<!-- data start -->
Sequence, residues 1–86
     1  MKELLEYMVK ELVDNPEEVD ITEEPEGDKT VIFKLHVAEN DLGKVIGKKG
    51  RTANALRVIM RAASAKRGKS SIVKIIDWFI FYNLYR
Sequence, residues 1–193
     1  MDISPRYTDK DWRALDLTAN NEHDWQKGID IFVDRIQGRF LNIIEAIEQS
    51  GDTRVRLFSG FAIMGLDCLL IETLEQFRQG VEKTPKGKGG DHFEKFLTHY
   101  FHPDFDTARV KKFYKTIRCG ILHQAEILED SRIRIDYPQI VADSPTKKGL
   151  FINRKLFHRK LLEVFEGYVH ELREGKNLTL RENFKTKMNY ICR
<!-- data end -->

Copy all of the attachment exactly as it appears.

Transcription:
Sequence, residues 1–86
     1  MKELLEYMVK ELVDNPEEVD ITEEPEGDKT VIFKLHVAEN DLGKVIGKKG
    51  RTANALRVIM RAASAKRGKS SIVKIIDWFI FYNLYR
Sequence, residues 1–193
     1  MDISPRYTDK DWRALDLTAN NEHDWQKGID IFVDRIQGRF LNIIEAIEQS
    51  GDTRVRLFSG FAIMGLDCLL IETLEQFRQG VEKTPKGKGG DHFEKFLTHY
   101  FHPDFDTARV KKFYKTIRCG ILHQAEILED SRIRIDYPQI VADSPTKKGL
   151  FINRKLFHRK LLEVFEGYVH ELREGKNLTL RENFKTKMNY ICR